As Women’s History Month comes to a close, I thought I would share what I learned from a panel discussion of women leaders from the Children’s Hospital of Philadelphia and the Research Institute for a panel discussion called “Trailblazing Women at CHOP.” I was fortunate enough to sit alongside three women who talked career paths, the challenges we’ve faced as women leaders, how we balance work and family, and much more. My fellow panelists shared some advice that I think is relevant to all women, and I’d like to share some of their insights with you.

Follow Your Own Path

Being a trailblazer means taking chances, letting go of others’ expectations and having the confidence to make the choices that are best for you. When describing some of the choices she made in her own career, Lisa Biggs, M.D. said, “At each place along the way I took a step that was not consistent with what was expected of me.” She also offered this advice, “You need to do what your life tells you to do.”

Find Your Champions

We often speak about the importance of mentoring, but it’s equally important to have champions – friends, family members and colleagues who encourage you and want you to succeed. Champions are a bit different than mentors, they help to open doors for you and become your cheering section on the sidelines. “You have to have people in your life who believe in you,” said Angela Ellison, M.D. “I take the good people in my life and surround myself with them, because they are going to be my champions.” To find your champions, she added, it’s important to trust your instinct: “You’re born with an instinct, and as you get older, that instinct gets better. Use that.”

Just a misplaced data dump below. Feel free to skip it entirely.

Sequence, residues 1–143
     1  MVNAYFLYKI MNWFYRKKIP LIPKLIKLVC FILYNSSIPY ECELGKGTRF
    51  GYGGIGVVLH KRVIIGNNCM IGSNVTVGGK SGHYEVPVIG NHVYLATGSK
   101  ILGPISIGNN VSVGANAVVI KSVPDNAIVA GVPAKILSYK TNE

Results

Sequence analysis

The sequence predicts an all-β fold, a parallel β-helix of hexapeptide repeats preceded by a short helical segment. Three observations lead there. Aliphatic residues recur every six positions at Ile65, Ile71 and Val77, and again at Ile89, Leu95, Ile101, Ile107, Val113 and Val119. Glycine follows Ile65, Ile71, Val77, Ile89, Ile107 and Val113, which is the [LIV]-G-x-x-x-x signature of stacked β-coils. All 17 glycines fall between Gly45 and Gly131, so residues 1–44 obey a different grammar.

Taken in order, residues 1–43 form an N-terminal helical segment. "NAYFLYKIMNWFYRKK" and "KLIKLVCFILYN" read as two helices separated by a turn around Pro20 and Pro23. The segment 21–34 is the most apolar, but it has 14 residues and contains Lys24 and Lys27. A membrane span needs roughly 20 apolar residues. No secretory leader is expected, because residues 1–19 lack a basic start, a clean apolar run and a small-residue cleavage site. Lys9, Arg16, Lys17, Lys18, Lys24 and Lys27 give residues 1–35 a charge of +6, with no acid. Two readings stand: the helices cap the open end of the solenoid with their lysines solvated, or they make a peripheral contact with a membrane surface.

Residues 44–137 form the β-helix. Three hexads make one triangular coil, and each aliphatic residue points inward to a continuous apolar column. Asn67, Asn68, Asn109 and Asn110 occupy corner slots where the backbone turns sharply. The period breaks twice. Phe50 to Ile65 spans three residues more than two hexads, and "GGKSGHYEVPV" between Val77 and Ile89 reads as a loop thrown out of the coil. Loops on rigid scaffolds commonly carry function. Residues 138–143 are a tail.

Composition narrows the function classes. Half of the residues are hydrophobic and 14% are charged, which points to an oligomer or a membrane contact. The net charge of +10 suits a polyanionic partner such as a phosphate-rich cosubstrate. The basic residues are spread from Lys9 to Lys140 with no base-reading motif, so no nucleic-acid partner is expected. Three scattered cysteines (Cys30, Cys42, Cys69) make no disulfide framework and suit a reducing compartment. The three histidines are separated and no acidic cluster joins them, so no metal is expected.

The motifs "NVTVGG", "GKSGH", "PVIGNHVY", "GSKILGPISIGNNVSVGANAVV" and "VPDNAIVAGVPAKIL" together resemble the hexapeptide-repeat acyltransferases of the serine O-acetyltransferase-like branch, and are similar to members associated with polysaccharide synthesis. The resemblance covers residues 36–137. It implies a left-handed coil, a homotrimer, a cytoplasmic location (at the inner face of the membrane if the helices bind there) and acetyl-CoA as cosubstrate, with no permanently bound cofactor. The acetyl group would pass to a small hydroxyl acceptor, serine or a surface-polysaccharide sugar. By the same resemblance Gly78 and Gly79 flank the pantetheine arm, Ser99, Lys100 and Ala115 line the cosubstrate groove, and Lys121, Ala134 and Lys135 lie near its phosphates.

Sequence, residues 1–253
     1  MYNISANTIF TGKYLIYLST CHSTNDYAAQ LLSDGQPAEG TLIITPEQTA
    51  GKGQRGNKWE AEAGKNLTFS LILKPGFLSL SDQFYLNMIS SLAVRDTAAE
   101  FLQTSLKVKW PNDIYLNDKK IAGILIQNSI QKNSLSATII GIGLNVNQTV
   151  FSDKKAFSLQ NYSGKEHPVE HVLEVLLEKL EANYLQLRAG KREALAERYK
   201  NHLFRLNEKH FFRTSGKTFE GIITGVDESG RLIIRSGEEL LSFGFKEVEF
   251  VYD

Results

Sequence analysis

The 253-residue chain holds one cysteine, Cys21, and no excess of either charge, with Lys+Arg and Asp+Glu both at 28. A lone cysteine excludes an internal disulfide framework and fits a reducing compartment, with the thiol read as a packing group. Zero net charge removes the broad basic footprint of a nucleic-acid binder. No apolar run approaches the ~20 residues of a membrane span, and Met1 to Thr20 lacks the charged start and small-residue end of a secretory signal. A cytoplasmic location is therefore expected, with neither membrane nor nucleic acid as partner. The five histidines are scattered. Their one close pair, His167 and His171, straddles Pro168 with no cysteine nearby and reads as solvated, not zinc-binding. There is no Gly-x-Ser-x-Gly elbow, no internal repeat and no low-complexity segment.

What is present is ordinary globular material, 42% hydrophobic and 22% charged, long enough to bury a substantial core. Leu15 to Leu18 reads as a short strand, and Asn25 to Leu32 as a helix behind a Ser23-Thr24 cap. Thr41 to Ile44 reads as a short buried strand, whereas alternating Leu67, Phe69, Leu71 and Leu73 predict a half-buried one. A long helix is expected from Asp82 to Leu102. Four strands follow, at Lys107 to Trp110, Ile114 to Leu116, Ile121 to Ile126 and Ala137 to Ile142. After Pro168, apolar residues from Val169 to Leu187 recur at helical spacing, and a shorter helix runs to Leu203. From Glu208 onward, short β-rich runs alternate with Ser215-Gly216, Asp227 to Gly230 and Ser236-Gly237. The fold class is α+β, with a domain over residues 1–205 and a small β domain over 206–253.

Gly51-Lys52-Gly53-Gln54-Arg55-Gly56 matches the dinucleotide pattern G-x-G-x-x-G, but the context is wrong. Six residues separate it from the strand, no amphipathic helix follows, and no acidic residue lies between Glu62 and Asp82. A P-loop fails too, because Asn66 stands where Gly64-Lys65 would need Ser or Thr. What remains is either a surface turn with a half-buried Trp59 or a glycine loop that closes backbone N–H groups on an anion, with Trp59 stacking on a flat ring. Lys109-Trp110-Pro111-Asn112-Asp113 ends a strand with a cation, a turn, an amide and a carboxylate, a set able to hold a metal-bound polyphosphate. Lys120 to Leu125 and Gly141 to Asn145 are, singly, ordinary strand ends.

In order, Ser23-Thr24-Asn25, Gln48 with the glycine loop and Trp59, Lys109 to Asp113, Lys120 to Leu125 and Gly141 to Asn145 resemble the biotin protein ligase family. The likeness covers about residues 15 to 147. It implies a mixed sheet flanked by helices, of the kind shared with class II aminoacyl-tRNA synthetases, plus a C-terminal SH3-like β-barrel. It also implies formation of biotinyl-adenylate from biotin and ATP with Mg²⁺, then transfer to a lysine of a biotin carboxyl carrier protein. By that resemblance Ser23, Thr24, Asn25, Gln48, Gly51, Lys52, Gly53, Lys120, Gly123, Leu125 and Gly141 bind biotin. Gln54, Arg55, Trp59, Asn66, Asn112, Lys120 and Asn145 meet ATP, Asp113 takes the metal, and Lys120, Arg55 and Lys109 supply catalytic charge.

When People Believe in You, Believe Them

Sometimes very accomplished people have a hard time owning their achievements, and feel that they don’t deserve the accolades they’ve received. Beverly Davidson, PhD, encouraged women in this situation to look at things from a different perspective: “You were asked to that meeting because your expertise and qualities are required, and people believe in you…And if they believe in you, then you can, too.” We also discussed how men and women are perceived in the workplace: Women leaders are often thought of as collaborative and mission driven, for example, while men are seen as more directive. In reality, of course, no style or trait is exclusive to a particular gender – and an approach that works in one situation may not work in another. What’s most important is that we recognize and honor the unique qualities each person brings to our team.